Whether it is appropriate to use technology to sign a document, depends on the document and jurat: what it says, what a lawyer is attesting to, etc. If a lawyer purports to have personally witnessed someone sign a document, then the lawyer needs to have actually done so. This comes directly from the BC Case, First Canadian Title v. Law Society of British Columbia: “attended in person” means that the person signing was personally present when the signatory signed. Members should be aware of the BC Case and follow it.
Given the similarities between the BC case and the member’s proposal, the Ethics Committee suggests it would be inappropriate for Lawyer X to advise clients via video conferencing and then swear an affidavit of execution as if Lawyer X personally witnessed the client’s execution based on personal attendance. However, the practice of meeting with clients via video conference, providing legal advice during the video conference and then having the client meet with a third-party representative for document execution, is permitted. This third party may be a bank representative or other agent for the lawyer.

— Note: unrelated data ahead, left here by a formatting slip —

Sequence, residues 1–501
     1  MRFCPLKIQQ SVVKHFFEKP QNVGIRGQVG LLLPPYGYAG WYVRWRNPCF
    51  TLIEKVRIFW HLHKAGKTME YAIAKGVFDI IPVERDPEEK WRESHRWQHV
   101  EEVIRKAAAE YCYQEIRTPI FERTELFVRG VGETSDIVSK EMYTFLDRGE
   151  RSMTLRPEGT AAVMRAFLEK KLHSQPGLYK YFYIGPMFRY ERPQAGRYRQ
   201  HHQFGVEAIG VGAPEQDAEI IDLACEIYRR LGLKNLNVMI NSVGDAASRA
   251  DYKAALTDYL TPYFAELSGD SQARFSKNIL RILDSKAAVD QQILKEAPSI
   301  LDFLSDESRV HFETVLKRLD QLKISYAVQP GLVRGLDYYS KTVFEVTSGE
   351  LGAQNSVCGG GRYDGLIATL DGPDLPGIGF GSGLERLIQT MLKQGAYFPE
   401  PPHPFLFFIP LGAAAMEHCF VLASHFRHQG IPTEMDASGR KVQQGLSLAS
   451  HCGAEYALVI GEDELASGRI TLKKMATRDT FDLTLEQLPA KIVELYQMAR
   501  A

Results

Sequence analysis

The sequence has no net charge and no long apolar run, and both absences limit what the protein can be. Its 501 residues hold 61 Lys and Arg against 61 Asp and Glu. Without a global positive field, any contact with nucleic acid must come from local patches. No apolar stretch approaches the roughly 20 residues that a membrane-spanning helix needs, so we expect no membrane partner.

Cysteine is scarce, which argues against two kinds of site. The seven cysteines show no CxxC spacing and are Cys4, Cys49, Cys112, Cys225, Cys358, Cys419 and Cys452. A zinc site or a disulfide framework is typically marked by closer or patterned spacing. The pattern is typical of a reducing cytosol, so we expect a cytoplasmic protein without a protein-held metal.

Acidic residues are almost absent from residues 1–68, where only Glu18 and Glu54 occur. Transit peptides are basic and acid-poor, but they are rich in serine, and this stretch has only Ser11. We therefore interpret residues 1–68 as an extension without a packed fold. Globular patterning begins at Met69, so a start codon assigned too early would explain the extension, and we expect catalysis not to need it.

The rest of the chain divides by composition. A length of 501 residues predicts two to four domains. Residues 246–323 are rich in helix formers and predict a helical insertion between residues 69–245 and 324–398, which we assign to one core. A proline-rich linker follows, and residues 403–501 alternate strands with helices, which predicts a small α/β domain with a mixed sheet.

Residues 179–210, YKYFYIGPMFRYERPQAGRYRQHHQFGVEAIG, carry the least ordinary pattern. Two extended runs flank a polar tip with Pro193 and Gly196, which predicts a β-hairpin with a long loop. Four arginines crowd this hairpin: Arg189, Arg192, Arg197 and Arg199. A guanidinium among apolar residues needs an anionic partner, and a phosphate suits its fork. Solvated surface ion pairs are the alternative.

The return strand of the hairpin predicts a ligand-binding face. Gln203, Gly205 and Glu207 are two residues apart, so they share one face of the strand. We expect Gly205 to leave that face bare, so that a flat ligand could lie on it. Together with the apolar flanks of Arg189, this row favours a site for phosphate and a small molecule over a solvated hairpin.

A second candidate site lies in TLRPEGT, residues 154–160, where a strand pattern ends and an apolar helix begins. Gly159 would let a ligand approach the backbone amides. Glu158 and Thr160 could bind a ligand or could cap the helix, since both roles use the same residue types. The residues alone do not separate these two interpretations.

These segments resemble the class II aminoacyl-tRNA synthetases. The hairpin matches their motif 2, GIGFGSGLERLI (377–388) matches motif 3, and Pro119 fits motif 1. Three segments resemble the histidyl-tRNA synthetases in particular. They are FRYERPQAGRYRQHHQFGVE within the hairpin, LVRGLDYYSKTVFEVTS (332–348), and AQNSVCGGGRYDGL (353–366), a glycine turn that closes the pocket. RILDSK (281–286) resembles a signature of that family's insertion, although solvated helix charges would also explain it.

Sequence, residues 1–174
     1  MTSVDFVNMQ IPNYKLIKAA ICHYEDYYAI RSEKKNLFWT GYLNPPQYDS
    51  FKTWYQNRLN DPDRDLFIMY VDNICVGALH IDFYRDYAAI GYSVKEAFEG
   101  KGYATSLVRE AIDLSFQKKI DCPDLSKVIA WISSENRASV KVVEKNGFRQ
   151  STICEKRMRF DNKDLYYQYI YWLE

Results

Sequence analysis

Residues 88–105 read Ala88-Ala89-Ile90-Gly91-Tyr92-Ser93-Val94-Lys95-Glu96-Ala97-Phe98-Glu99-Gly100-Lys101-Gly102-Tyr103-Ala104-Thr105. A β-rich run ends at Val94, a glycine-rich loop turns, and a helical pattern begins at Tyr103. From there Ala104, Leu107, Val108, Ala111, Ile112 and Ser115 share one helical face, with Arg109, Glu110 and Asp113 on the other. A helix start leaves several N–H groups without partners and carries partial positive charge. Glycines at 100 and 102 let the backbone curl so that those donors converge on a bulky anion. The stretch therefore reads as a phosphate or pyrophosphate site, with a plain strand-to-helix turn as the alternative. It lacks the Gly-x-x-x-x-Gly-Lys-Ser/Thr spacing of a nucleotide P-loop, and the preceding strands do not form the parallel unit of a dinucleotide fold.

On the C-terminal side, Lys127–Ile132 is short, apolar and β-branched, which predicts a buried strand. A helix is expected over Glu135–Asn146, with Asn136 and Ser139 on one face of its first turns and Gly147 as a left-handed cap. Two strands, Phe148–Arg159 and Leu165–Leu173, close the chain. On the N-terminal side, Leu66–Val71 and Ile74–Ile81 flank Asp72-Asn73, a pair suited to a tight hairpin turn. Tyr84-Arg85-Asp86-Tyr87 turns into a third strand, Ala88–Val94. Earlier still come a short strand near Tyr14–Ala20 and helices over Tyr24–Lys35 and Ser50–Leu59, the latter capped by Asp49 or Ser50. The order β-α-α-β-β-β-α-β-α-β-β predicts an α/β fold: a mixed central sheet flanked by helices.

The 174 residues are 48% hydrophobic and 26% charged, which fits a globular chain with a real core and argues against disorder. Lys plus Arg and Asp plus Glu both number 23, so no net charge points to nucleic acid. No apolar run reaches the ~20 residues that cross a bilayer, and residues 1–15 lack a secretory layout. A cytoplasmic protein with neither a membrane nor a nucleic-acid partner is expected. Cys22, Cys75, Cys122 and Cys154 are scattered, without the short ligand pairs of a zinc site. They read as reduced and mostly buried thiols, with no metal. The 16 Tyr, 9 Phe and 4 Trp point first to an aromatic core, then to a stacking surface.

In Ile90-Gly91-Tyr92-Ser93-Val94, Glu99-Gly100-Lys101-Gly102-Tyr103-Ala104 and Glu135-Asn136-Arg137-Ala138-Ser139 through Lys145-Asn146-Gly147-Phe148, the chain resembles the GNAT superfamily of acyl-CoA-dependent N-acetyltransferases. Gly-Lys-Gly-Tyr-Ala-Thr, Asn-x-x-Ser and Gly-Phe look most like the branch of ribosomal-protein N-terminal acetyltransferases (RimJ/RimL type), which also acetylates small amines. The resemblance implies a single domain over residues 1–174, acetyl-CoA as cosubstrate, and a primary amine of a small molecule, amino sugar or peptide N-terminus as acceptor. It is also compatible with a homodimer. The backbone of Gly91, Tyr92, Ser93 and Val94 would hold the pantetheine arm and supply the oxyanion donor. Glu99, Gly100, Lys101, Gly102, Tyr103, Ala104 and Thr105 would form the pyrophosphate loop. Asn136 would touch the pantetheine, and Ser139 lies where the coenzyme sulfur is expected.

From the Saskatchewan Access to Justice Working Group
Justice innovation lessons of 2017: http://bit.ly/2mVGWVQ.
Congratulations to Beau Atkins of Edge Family Law in Saskatoon on winning the Victor P Dietz, QC memorial Pro Bono Service Award: http://bit.ly/2F4AW3Z.
Ontario paralegals a step closer to offering family law services: http://bit.ly/2DxLj35.
Florida Supreme Court introduces mobile app to help with family law: http://fla.st/2DsIwoy.
U of S law students invited to email email@example.com to enter College of Law and CREATE Justice Research Poster Competition, an opportunity to increase access to legal information.
B.C.’s trailblazing digital Civil Resolution Tribunal delivering: http://bit.ly/2G7KdcW.
Interview of Professor Katie Sykes by Hon. Thomas Cromwell on law school course, Designing Legal Expert Systems, aimed at improving access to justice: http://bit.ly/2DwBdj5.
Law Society of Saskatchewan’s Legal Sourcery, home of access to justice and other law news, has won Clawbie Best Canadian Law Library Blog Award: http://bit.ly/2DDbYLY.
Association of American Law Schools survey finds law class of 2017 contributed more than $81 million worth of pro bono legal services: http://bit.ly/2Ds68xy.
Bonkalo and House of Commons Reports recommend expanding role of law school clinics to improve access to justice in Canada: http://bit.ly/2Dzcewp.
LawDroid to build first voice-activated US Legal Aid Bot, with access to justice capabilities: http://bit.ly/2n0b41D.
Congratulations to Saskatchewan Access to Justice Working Group members Tim Brown and Evatt Merchant, honoured with 2017 Queen’s Counsel designations: http://bit.ly/2rvtX1T.